People leave the Sandy Hook Volunteer Fire House in tears after a shooting at the Sandy Hook Elementary School, Friday morning, Dec. 14, 2012 in Newtown, Conn. A man opened fire Friday inside two classrooms at the Connecticut elementary school where his mother was a teacher, killing 26 people, including 20 children, as youngsters cowered in corners and closets and trembled helplessly to the sound of shots reverberating through the building.
Alex Von Kleydorff, Associated Press - Ap
One families' search shows the agony outside of school
- Article by: JIM DWYER
- New York Times
- December 14, 2012 - 11:27 PM
NEWTOWN, CONN. - A few minutes before 10 Friday morning, Michelle Urbina was speaking with a customer at the small bank branch that she manages in Bethel, Conn., when her assistant broke in.
"What school does your daughter go to?"
"Sandy Hook," Urbina replied.
"There's been a shooting there," her assistant said.
As Urbina headed for the door, her phone began buzzing with texts from friends and other parents. It is a 20-minute drive from Bethel to the school. The landscape rolled by unseen; a friend from the other end of town spoke to her on her cellphone, relaying news from someone who was monitoring a police scanner. None of it told her what she wanted to know: What about Lenie, her 9-year-old daughter?
From another direction, Urbina's husband, Curtis, drove their SUV along winding roads toward the school. In the back seat, their 3-year-old son, Harry, was buckled into his car seat, wearing only his pajamas and a coat.
Just about five years ago, the Urbinas had moved here. He had grown up in the Bronx near Yankee Stadium. She was raised on the Upper East Side of Manhattan. They fell in love with the peace of their friendly small town.
"We wanted the big back yard," Michelle Urbina said. "The fresh air. The country. The good schools. It's an idyllic small town -- not materialistic flashy people, just people who smile and say hello to you."
They knew everyone at Lenie's school, or so it seemed. Curtis Urbina, a stay-at-home dad, coaches youth wrestling in town, and was in the gym or cafeteria several times a week for practice. Just the night before, the Urbinas had gone to the fourth-grade holiday chorale celebration, overseen by Principal Dawn Hochsprung.
Even using back roads Friday morning, Curtis Urbina still had to park a quarter-mile away. He scooped his son under his arm and began running, little Harry giggling at the game of it.
"It's utter fear," he said. "Your heart stops. Your chest doesn't move. I'm a dad. What can I do? I'm helpless."
Michelle Urbina landed in a knot of traffic that forms on even the best of days in the little downtown. She peeled out of it and pulled into a restaurant lot, parking so fast that she hit a concrete bumper. The school was a good quarter-mile away, and up a hill. She ran, the heels of her work shoes drilling into her feet.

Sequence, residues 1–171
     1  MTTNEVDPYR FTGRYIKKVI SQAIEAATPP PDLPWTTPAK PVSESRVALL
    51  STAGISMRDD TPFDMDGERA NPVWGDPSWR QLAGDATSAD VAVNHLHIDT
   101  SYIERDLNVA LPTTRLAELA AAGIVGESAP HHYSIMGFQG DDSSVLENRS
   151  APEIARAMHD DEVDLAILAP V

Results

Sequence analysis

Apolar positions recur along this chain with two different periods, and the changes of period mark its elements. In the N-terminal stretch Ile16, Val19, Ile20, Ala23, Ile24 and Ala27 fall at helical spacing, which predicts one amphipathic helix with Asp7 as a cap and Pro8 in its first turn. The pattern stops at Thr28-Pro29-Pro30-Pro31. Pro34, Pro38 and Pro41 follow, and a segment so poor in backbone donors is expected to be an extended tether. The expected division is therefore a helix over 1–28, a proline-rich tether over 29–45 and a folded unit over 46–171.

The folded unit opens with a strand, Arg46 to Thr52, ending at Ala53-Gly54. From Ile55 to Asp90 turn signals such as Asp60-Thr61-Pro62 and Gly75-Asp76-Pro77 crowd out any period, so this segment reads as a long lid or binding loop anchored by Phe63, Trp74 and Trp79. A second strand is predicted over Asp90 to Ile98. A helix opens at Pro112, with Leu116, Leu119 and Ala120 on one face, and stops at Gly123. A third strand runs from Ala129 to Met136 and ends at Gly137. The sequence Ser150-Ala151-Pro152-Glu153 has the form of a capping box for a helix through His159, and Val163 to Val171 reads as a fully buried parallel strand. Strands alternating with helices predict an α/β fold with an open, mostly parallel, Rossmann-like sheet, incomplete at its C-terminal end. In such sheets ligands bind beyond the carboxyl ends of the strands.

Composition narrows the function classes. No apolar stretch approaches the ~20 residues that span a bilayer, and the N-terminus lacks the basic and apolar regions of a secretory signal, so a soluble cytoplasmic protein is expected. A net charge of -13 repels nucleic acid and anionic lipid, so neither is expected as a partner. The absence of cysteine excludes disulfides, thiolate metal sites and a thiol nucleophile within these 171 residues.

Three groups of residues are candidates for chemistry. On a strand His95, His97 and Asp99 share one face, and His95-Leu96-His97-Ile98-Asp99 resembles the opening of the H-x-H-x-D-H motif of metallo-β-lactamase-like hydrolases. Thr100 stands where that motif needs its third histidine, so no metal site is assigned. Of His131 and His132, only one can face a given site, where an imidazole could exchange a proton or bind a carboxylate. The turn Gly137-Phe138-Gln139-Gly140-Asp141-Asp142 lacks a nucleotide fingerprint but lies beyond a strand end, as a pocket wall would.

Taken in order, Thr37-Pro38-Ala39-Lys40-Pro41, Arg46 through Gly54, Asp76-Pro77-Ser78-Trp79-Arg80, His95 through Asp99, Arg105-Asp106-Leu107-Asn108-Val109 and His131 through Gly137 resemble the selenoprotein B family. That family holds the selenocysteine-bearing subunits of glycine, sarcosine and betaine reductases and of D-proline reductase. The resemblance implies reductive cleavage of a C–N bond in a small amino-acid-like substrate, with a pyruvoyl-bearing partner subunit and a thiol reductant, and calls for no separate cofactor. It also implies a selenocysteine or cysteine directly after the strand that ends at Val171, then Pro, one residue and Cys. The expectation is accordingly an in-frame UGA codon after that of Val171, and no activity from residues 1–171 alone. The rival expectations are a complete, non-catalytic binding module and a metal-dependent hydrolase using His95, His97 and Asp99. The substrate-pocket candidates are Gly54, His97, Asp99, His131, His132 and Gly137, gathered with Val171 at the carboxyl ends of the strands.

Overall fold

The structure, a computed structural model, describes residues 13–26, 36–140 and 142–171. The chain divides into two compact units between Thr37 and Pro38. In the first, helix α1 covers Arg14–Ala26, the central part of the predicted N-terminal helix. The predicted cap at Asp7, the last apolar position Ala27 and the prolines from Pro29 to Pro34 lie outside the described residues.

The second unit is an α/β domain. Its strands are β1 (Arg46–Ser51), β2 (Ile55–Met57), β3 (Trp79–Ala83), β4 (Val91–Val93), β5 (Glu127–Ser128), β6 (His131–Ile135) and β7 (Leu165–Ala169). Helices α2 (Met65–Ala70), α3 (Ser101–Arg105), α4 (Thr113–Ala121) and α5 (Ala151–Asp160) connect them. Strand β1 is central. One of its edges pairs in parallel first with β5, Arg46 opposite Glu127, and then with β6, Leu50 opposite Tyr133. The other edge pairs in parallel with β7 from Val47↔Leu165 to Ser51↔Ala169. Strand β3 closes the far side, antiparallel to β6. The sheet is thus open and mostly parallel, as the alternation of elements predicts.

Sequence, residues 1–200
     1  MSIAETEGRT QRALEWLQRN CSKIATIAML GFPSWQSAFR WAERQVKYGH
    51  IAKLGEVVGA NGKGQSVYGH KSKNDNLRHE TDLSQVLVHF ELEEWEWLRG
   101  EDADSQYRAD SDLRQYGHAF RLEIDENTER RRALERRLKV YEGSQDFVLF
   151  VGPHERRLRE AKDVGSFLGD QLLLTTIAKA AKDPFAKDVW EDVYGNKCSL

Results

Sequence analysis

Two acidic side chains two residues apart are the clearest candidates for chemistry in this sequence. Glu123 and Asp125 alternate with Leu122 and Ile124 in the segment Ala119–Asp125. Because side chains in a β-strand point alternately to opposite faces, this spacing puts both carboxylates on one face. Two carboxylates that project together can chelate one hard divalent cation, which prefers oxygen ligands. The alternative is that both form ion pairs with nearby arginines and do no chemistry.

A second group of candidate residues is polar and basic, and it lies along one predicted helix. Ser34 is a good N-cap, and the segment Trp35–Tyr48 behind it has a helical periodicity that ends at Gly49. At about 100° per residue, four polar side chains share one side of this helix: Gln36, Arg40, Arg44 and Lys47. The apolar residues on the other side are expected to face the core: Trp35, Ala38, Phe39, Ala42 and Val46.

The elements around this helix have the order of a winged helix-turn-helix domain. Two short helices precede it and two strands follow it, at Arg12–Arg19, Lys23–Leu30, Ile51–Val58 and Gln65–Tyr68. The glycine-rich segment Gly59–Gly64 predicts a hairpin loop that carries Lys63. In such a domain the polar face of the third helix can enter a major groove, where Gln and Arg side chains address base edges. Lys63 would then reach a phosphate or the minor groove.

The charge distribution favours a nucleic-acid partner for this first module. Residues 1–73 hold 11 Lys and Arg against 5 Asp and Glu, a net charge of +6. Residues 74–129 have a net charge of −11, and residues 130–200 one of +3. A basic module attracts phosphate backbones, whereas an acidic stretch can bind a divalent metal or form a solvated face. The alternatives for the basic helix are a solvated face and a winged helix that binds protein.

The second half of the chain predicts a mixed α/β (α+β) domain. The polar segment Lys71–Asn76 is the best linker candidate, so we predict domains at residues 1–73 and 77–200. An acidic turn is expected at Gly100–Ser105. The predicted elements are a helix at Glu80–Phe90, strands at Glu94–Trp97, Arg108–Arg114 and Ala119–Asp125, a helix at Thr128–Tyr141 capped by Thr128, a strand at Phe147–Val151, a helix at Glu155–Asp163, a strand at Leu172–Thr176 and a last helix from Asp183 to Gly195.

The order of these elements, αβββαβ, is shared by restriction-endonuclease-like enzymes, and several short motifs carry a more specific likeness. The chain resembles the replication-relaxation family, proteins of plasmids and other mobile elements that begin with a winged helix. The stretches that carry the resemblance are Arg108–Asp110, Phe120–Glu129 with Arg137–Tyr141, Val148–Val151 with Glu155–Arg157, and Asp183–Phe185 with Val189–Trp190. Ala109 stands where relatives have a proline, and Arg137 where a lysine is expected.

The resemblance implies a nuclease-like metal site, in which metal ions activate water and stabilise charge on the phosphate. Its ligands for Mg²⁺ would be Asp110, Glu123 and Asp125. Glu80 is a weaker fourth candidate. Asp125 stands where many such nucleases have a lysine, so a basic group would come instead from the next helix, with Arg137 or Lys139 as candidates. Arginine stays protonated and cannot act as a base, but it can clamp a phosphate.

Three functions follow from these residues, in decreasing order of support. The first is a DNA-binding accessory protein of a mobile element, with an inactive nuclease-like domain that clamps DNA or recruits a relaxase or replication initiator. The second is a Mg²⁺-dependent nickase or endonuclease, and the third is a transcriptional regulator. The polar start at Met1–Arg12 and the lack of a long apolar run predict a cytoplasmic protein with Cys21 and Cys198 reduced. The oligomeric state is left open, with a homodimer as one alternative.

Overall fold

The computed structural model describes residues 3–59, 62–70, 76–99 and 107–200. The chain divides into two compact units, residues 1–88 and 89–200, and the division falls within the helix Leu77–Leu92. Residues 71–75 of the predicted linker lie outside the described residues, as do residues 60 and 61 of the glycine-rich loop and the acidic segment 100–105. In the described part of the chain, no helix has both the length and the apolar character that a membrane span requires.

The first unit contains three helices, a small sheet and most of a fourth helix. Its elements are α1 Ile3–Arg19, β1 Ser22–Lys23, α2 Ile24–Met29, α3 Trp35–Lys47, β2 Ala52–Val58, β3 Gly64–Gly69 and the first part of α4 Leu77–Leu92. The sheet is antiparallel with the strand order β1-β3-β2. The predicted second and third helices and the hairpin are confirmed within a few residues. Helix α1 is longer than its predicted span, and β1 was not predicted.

Near the school, Curtis Urbina saw the volunteer firefighters, who pointed him toward their firehouse. The students at Sandy Hook "are always doing fire drills," he said. "... The fire station is their gathering point. The kids know it."
It was packed; the little ones, many in tears, were being soothed by their teachers. Parents were already there, scouring the room for their children. Across the room, Curtis Urbina saw his daughter's fourth-grade teacher. There was Lenie. They ran into each other's arms, each sobbing.
"I had to put her down because other parents who weren't so nearby needed to know about their kids, and I wanted to get word to them," he said.
First, though, he sent a text to his wife.
"I have Lenie," it read.
Michelle Urbina chugged into the firehouse to reunite with her daughter. She let four friends know their children were safe. In the firehouse, friends were looking for their sons and daughters, so many getting the terrifying news that their children were "unaccounted for."
The Urbinas drove home together, and for a time, Michelle Urbina kept the TV off, but then decided it was futile. Her bosses at JPMorgan Chase called to offer to drive her anywhere to help. She was grateful, but her tasks were intensely local. Lenie, who was in gym class when the trouble started, told her parents that over the public address system, she had heard someone say, "Put your hands up," and then bang after bang.
Late in the afternoon, Curtis Urbina drove home a boy he had been taking care of while his parents awaited word on a brother who was unaccounted for. Walking back to his own house, he glanced at his wife, shook his head and said, "It's confirmed."
Michelle Urbina turned away. "I'm sleeping," she said. "I'm speaking to you, but I am surely asleep."
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